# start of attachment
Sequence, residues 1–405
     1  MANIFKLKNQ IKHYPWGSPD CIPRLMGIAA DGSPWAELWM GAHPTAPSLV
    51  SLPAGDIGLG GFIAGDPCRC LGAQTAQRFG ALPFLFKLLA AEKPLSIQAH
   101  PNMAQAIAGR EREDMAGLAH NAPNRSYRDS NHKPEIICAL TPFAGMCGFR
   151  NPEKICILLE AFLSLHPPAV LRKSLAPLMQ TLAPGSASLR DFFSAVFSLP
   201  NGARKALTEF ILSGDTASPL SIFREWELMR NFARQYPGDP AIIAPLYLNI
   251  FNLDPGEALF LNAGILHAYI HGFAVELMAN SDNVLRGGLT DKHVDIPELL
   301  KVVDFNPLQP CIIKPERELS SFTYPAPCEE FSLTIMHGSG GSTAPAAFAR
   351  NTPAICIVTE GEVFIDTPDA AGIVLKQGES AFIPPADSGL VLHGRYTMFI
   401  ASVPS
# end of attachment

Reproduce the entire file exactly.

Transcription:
Sequence, residues 1–405
     1  MANIFKLKNQ IKHYPWGSPD CIPRLMGIAA DGSPWAELWM GAHPTAPSLV
    51  SLPAGDIGLG GFIAGDPCRC LGAQTAQRFG ALPFLFKLLA AEKPLSIQAH
   101  PNMAQAIAGR EREDMAGLAH NAPNRSYRDS NHKPEIICAL TPFAGMCGFR
   151  NPEKICILLE AFLSLHPPAV LRKSLAPLMQ TLAPGSASLR DFFSAVFSLP
   201  NGARKALTEF ILSGDTASPL SIFREWELMR NFARQYPGDP AIIAPLYLNI
   251  FNLDPGEALF LNAGILHAYI HGFAVELMAN SDNVLRGGLT DKHVDIPELL
   301  KVVDFNPLQP CIIKPERELS SFTYPAPCEE FSLTIMHGSG GSTAPAAFAR
   351  NTPAICIVTE GEVFIDTPDA AGIVLKQGES AFIPPADSGL VLHGRYTMFI
   401  ASVPS